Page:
3. Don’t panic — start to prepare
“This is not the time to panic, but it is a time to prepare — good old fashioned preparedness planning for your family,” says Katz.
Think about the threat of a possible outbreak in your community the way you’d think about a big snowstorm or a hurricane. If it never hits, great. But if it does, you’ll be glad you prepared.
Don’t hoard, but do stock your cupboards with some extra food and cleaning supplies. Each time you grocery shop, buy a few extra items. Shelf-stable foods such as beans and rice are good options. Also, utilize your freezer to preserve foods, everything from meats and vegetables to cooked grains and bread. Think about having enough on hand to last a few weeks.
- Check the medicine cabinet to ensure you have basic medications such as aspirin or ibuprofen.
- Think about a backup plan if schools were to close during an outbreak.
- If you take a daily prescription medication, have as much of a supply on hand as possible.
- Ask your employer about a work-from-home option.
“If there’s widespread virus in your community, you may not want to go to the [store]. You may want to distance yourself from others,” Katz says.
4. The uncerta#inty of masks to prevent illness
Overall, there’s not conclusive evidence that wearing a face mask can help prevent being infected by the virus. And public health officials give mixed messages about usefulness for the general public. As we’ve reported, masks may not fit the face tightly, so you’re still able to breathe in infected droplets. And experts worry that masks can give a false sense of security.
Health care providers are trained to use masks properly, and there’s evidence that they’re effective in clinical settings. For people at home, the CDC recommends using masks in certain situations. For instance, if you’re caring for an infected person at home, the proper use of masks can protect the caregiver.
5. Be smart about travel
The CDC updates its travel advisory information frequently. The federal government uses a four-level scale to rank risk. Level 1 equals the lowest risk, and Level 4, the highest.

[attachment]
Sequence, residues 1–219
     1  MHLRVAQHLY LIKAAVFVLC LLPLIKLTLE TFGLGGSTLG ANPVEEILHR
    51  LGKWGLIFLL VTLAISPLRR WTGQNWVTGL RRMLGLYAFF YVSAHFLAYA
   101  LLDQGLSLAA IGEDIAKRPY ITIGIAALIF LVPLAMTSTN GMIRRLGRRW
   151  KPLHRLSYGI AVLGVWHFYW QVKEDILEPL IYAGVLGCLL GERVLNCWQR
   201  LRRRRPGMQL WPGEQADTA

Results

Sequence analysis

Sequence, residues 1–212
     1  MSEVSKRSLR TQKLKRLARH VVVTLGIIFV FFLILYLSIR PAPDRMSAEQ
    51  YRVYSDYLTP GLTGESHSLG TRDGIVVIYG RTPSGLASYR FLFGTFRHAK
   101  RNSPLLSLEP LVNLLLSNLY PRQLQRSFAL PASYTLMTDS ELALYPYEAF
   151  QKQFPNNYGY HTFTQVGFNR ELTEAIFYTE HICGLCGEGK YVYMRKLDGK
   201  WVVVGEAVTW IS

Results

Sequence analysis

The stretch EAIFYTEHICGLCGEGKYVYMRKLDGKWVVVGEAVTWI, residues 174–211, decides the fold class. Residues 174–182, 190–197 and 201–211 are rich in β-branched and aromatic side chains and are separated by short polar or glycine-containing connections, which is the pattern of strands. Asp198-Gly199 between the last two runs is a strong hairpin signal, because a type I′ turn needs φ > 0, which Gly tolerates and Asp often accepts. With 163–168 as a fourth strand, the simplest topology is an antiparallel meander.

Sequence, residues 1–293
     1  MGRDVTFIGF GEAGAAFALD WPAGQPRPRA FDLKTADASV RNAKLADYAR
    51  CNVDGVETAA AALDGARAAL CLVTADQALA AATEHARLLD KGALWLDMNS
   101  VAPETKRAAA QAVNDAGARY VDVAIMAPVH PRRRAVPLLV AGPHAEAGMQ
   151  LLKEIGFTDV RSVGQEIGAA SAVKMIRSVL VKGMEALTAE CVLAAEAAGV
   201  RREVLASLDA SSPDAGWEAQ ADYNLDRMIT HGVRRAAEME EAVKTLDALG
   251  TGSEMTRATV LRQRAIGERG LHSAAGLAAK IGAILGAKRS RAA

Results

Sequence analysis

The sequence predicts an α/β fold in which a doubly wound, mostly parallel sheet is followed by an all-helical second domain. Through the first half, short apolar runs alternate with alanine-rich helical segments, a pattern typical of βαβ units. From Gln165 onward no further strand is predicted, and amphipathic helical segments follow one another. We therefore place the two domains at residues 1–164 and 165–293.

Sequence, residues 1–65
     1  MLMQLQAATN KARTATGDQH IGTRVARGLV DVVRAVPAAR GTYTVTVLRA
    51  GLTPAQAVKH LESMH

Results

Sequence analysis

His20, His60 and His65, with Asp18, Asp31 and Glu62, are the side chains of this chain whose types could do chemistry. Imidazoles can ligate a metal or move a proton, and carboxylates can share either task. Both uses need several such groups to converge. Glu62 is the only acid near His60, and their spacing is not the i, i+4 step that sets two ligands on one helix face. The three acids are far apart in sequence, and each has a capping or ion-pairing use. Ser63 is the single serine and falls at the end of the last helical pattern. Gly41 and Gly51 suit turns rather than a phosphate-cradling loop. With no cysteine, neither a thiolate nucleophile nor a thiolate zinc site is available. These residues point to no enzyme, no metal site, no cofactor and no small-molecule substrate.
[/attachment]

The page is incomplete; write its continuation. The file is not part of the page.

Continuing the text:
For parts of Italy, where there’s been sustained spread of the novel coronavirus, there’s now a Level 4 alert. The CDC advises that older adults and those with chronic medical conditions should consider postponing nonessential travel. “Travelers should avoid contact with sick people and clean their hands often by washing with soap and water for at least 20 seconds or using an alcohol-based hand sanitizer with 60%-95% alcohol.”
Check your health insurance to see if it includes international travel coverage, the CDC recommends. Also, consider travel health insurance and medical evacuation insurance. The CDC estimates that without insurance, a medical evacuation can cost $100,000 or more.
If you’ve planned a cruise or overseas travel, consider the possibility of travel disruptions in the event of an outbreak. “Think about the consequences of being caught on ship or over a border when decisions are being made” that could limit or disrupt your travel without much warning, says Christopher Mores of The George Washington University. If you were quarantined, what would your backup plan be for your work and family responsibilities back home? This is something to consider.